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Emigrant from Forres discusses life under lockdown in his adopted United States of America


By Garry McCartney

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Andrew, Marie Olivia and Emilia in their back yard during lockdown USA. Picture by Marie Sin Photography.
Andrew, Marie Olivia and Emilia in their back yard during lockdown USA. Picture by Marie Sin Photography.

AN IT analyst from Forres living in the USA has described his experience of the American coronavirus lockdown.

Former Forres Academy pupil, Andrew Kemp (43), emigrated to America in 2010 and has been working from home in Collingswood, New Jersey with his wife Marie and children Olivia (6) and Emilia (2) for the last two months. In New Jersey State there have been 121,000 cases and 7500 deaths.

"We are the second most impacted state in America," said Andrew. "It feels surreal outside, a bit like a post-apocalyptic zombie movie. Everyone crosses the street to avoid each other. A lot of people wear masks - I have myself, picking up beer from a local brewery and a takeaway from a local restaurant. If we get a delivery, we sanitise it with antiseptic wet wipes or leave it in the basement for a day to kill any contact germs."

In contrast to Scotland’s lockdown, New Jersey State measures appear to have been largely voluntary.

Andrew explained: "It sounds as though we have similar restrictions to the UK but not as severe. We were never told not to go out, just encouraged to use our discretion. I've heard of the police being called out to parties but not anyone being pulled off the street."

In a country which is now experiencing some 22 million workers unemployed, Andrew is fortunate to be able to work from home.

"My employer is very focused on the health and wellbeing of their employees," said Andrew. "We get free access to online classes and videos. Unfortunately my work had to let some consultants go - I feel really sorry for them."

As in Scotland, children are off school and Andrew's wife Marie - a professional lifestyle photographer - has assumed the role of home school teacher.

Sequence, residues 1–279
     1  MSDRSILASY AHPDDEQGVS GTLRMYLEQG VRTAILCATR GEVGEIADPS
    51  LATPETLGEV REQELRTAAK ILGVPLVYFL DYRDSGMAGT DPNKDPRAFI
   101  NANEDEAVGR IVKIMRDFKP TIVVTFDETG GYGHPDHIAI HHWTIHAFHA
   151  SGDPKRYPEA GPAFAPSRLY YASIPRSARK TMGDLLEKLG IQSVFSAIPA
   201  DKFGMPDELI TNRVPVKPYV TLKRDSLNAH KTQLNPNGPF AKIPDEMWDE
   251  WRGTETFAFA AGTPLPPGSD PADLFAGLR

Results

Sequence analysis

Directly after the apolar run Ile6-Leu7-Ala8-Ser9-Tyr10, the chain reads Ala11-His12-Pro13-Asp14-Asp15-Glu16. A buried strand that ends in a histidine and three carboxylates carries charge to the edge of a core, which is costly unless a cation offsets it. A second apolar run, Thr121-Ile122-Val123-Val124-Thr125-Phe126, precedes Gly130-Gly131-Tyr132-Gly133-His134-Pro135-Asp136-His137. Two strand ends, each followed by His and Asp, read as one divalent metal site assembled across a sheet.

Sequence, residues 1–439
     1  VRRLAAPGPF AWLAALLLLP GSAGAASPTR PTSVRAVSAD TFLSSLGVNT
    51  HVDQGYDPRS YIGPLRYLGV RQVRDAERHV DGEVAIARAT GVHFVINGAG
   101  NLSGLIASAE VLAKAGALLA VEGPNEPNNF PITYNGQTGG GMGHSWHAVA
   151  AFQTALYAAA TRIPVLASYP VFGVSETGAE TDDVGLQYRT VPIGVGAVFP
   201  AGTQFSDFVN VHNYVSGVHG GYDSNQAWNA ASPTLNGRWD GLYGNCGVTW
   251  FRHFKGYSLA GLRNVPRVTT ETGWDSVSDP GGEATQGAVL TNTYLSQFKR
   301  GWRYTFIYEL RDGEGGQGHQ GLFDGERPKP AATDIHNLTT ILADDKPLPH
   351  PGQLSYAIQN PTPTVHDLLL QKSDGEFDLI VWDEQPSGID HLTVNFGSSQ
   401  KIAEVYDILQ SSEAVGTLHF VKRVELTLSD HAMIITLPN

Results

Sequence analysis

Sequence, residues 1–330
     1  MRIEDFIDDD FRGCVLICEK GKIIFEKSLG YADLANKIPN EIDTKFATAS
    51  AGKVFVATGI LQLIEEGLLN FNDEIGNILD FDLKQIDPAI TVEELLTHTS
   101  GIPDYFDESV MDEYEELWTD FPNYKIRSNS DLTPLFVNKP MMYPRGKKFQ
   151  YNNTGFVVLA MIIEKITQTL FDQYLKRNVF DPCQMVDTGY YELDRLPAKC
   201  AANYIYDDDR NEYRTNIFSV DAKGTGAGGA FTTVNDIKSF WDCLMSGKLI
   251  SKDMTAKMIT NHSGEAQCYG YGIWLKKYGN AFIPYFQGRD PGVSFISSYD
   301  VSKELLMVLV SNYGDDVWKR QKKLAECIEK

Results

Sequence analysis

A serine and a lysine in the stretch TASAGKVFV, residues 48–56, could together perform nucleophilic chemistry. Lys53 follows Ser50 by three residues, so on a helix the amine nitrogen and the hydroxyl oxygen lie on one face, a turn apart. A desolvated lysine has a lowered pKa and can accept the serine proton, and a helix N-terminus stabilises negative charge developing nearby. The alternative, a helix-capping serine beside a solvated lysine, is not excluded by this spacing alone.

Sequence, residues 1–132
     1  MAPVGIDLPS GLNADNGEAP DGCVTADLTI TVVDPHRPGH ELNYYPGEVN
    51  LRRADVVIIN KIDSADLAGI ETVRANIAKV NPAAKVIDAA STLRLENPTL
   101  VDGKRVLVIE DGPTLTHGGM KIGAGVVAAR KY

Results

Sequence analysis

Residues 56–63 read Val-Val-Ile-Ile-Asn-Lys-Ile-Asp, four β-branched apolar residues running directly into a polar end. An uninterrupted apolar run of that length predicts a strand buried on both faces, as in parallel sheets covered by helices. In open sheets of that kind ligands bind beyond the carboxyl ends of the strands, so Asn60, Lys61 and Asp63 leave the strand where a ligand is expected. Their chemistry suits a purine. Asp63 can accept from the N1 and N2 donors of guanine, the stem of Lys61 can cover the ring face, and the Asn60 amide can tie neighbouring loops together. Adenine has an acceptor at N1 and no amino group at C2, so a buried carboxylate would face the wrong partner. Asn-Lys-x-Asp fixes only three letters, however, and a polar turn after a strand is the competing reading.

Andrew said: "All of Marie’s appointments had to be cancelled so we are investigating aid, stimulus packages and small business loans to cover her loss of income.

"Olivia is in kindergarten and her teacher is supplying two-three hours of school-work online from Monday to Thursdays. The other day she asked when the pandemic will end for the first time but Emelia just sees more daddy time.

"I take them out every lunchtime for 30 minutes to get fresh air and exercise. Adversity has brought us all closer together."

The pressure in the USA against lockdown has been much stronger than in Scotland and restrictions on access to parks, rivers and golf courses were recently lifted by the governor of New Jersey, Phil Murphy.

"Phil is an outstanding leader," said Andrew. "He wasn't convinced about easing the measures but was put under so much pressure that he had to. He believes we should all follow the rules and used the term "knuckleheads" to describe those disobeying social distancing guidelines and executive orders."

However, the Forresian is less impressed by President Trump, especially his comments about disinfectant and his labelling of Covid-19 as the "Chinese virus".

He said: "The pandemic is a political event in the US. The Government here initially denied there was a problem but we are now the worst affected country in the world so it has certainly been badly handled. Trump’s ‘advice’ on drinking bleach to combat coronavirus was the straw that broke the camel's back."

Andrew and his wife, who is of Korean descent, have been worried about possible racial abuse - her mother, now in her seventies, lives alone around eight miles away from the Kemps.

Andrew said: "When Americans were calling it the Chinese virus we were worried that she might suffer racial abuse. My colleague's mum is Chinese and when she went to the grocery store, she had her tires slashed and a note left on the wind shield with reference to coronavirus and a racial slur."

Andrew hopes his friends and family in Forres get the latest coronavirus information from reputable sources such as the World Health Organization.

He added: "Don't believe everything you read on the internet! Cherish the NHS - don't take it for granted and be thankful you don't have to pay for healthcare. And continue to nurture the wonderful community spirit that Forres has."


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